Tuesday, 24 December 2013

24th December: the manger waits

From this evening’s Crib Service at St Peter & St Paul, Great Missenden

And here’s my tower and moon - will we see this at the midnight service tonight?

Monday, 23 December 2013

23rd December: TS Eliot - Journey of the Magi

This is TS Eliot reading his poem “Journey of the Magi”

Dr Rowan Williams selected this poem in his Journey of the Archive. He wrote:

Another sort of birth meditation, this time about a particular birth, that of Jesus Christ. It begins famously with a passage from a seventeenth-century sermon ('All poets imitate', said Eliot, 'great poets plagiarise'), and ends with a carefully calculated set of anticlimaxes - very Eliot. What happens when a birth - Jesus's 'birth', as the poet starts re-discovering Christian faith - changes everything? The bizarre fact is that it can feel as if nothing has really changed, except that you have a sense that no one else has noticed what has happened - because something certainly has. 'Birth or death?' A new start that is felt only as the death of all that has been familiar; and yet the old world goes on, galloping aimlessly like the old white horse. Eliot never wanted to present religious faith as a nice cheerful answer to everyone's questions, but as an inner shift so deep that you could hardly notice it, yet giving a new perspective on everything and a new restlessness in a tired and chilly world. The flatness of the rhythms and phrasing, the utterly prosaic way of describing a miracle, all contribute to what turns out to be an intensely imagined and challenging poem that I first read as a boy and that still moves and disturbs me as much as it did then.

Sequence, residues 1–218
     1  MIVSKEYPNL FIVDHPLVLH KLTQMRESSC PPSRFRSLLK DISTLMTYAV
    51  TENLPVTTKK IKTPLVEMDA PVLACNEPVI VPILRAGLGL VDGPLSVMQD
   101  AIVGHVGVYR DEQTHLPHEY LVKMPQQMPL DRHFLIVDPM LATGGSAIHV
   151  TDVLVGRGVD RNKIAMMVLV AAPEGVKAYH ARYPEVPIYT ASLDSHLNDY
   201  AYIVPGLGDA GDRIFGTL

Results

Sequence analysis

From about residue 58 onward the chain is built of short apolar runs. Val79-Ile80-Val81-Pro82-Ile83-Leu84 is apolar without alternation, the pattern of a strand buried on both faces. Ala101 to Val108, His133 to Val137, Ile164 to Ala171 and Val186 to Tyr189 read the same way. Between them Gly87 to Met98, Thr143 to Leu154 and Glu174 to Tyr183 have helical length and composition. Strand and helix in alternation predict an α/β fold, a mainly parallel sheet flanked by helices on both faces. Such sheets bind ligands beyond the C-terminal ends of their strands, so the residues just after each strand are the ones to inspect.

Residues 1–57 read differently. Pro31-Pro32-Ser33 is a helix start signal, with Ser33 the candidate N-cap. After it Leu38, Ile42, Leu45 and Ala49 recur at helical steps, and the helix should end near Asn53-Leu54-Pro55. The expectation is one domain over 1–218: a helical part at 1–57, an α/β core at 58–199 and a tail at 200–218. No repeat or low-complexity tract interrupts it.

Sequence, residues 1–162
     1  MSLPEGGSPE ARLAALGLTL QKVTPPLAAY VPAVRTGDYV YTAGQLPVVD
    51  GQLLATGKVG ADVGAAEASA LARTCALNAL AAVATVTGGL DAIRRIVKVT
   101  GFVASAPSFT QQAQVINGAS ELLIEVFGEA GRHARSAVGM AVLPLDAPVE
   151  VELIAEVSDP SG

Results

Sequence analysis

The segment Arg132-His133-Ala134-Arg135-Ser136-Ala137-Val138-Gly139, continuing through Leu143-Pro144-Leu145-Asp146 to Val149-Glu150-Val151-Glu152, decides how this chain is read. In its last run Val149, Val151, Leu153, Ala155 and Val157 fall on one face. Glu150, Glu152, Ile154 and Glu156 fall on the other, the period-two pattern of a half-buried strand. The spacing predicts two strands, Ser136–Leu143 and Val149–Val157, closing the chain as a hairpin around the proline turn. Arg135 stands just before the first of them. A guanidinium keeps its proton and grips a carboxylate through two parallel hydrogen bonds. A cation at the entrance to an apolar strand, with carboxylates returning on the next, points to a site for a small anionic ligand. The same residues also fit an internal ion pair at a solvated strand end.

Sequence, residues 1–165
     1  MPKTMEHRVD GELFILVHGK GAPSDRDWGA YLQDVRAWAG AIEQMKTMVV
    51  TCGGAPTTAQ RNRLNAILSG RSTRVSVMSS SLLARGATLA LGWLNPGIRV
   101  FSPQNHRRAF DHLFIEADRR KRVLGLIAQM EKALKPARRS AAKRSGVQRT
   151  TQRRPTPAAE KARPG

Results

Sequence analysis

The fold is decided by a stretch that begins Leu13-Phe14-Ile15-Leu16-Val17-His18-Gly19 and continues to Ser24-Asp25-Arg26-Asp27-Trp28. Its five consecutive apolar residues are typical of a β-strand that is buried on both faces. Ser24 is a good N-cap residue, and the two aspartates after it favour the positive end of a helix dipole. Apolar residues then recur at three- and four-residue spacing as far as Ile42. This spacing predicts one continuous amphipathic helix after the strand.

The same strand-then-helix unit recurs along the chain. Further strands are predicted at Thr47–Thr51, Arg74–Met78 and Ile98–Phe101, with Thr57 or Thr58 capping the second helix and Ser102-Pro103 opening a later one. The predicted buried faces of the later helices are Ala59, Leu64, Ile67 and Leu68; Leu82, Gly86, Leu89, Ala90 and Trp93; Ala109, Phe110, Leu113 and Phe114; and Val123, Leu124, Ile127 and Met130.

Saturday, 21 December 2013

21st December: Solstice

Today is the shortest day - the winter solstice is actually at 5:11 pm this afternoon. So tomorrow the days start to get longer - but don’t hold your breath: daylight on Sunday is only 1 second longer than today. By Christmas Day, however, things are a little better - daylight lasts 20 seconds longer than on Christmas Eve. You can see the full record of daylight times here.

Friday, 20 December 2013

20th December: Christmas Tree decorations

Here are some of the decorations on the trees at the recent Christmas Tree Festival at St Peter & St Paul, Great Missenden

Thursday, 19 December 2013

19th December: another of Jo Laurie's cartoons

Worried about over-eating over Christmas?

Tuesday, 17 December 2013

18th December: Benjamin Zephaniah - Talking Turkeys